Table 4. Normalized betweenness value of nodes disappearing from the network.

A similar picture can be obtained by looking at the sign of the sum of z-scores, despite a relevant difference in the window 6900–6800. It should be noted that the negative z-score values represented in a particular window are only noticeable in the next one, when the nodes indicated in gray disappear or change its betweenness centrality value. This means that from 7100 to 6800, there is a period of clear instability.

Betweenness centrality is a measure of global importance of a node within a network. For this reason, we expected to find correlations between the disappearance of high betweenness’ nodes (i.e., periods showing positive z-score) and sharp changes of density and clustering signals. Our assumption is satisfied in general but there are some exceptions, especially for the clustering. This suggests that the global approach is not enough to understand the mechanisms underlying the process under study and should be complemented with other sort of information. In particular, we decided to analyze separately subsets of the whole network defined by their geographical positioning. In other words, we incorporated certain geographical constraints (which were not included in our network construction procedure).

Network Position vs Geographical Location

In particular, we grouped the nodes into 11 regions and computed the average betweenness value for each region at each time window (Table 5). The regions were defined based on geographical criteria and limiting imbalances in the number of nodes per region. These regional betweenness’ values indicate the relative importance of each region within the whole system through time.


Table 5. Mean betweenness for each region at each time window.

In the previous section, we observed that the network size of the overall network presented a growing trend that reaches its maximum at window 7200–7100 and a decreasing one, from this point to the end. However, this phenomenon did not reflect homogeneously at regional level. For example, some regions remained unpopulated (or, at least, there are not archeological evidences available) until maximum expansion was reached. Others, on the contrary, became unpopulated by the end. The Lower Ebro region display one of the most interesting behaviors (Figure 7). Starting in the 7500–7400, the mean betweenness grows reaching its maximum at 7300–7200. After this, two important falls (at 7100–7000 and 6900–6800) define its decline so that at the end, Lower Ebro does not seem to play any significance.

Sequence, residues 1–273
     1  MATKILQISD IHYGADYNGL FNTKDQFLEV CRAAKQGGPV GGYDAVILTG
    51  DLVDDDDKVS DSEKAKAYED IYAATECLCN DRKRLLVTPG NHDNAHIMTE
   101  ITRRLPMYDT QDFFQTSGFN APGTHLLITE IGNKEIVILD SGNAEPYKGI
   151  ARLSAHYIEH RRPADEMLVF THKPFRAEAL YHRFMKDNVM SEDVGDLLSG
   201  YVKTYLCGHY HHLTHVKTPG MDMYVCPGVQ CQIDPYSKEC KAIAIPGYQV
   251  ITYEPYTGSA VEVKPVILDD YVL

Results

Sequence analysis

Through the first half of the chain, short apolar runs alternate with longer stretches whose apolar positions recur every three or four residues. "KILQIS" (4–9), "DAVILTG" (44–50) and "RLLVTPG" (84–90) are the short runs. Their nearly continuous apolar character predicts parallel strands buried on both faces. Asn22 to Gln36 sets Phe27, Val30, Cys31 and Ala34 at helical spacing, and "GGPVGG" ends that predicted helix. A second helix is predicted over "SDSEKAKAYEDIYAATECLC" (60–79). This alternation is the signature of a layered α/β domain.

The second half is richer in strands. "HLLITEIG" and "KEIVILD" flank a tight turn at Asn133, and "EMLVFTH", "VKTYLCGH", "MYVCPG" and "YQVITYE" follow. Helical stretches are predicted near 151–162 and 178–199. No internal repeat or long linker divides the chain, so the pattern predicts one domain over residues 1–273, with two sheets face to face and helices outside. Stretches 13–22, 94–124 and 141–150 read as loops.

Figure 7. Mean betweenness for Lower Ebro region through time. Not the co-occurrence of between the drop of average betweenness in this region and the sharp decrease of the overall link density in the network (vertical lines).

This role is key to explain both the information flow between nodes and regions during this stage and its breakdown during the last windows. In this sense, looking at the distribution maps of nodes at the windows just before and after the drop of density (from 7200–7100 to 6900–6800) could be illustrative. Despite change present in all time windows, those occurring in windows 7100–7000 and 6900–6800 are especially relevant, because nodes located at the Lower Ebro reduce notably their betweenness centrality (see Figures 7 and 8).


Figure 8. Graphs of the networks from 7300–7200 to 6900–6800. The size of the nodes represents its betweenness centrality. In red, nodes belonging to Lower Ebro region. Note that the drop of the betweenness centrality affecting the nodes in Lower Ebro region in windows 7100–7000 and 6900–6800 match with the fall of the density in this same temporal windows.


As stressed above (see Introduction), most recent approaches about the Neolithic transition tend to describe the dynamics of Early Neolithic as a cycle of boom and bust. In the east of Iberia, using the c14 dates as a proxy of demography (Bernabeu et al., 2014), we identified a boom coinciding with the arrival of the Neolithic followed by a rapid decline by the end of the VIII or the beginning of VII millennium BP. This same pattern has been identified using a broader data base of radiocarbon dates covering all Iberia (Balsera et al., 2015). This demographic pattern is roughly coincident with the evolution of network size we found in this work. Moreover, as stressed in other works (Bernabeu et al., 2013, 2014, 2016), there are important changes coinciding with this cycle. In particular, we are interested in those related to the spatiotemporal patterns of material culture. During the Early Neolithic, this pattern could be described as a period in which the same items of material culture expanded over large areas, forming equally extensive archeological entities (i.e., cultures), followed by their fragmentation so that over the same areas archeologists can recognize more different entities (“cultures”) than earlier.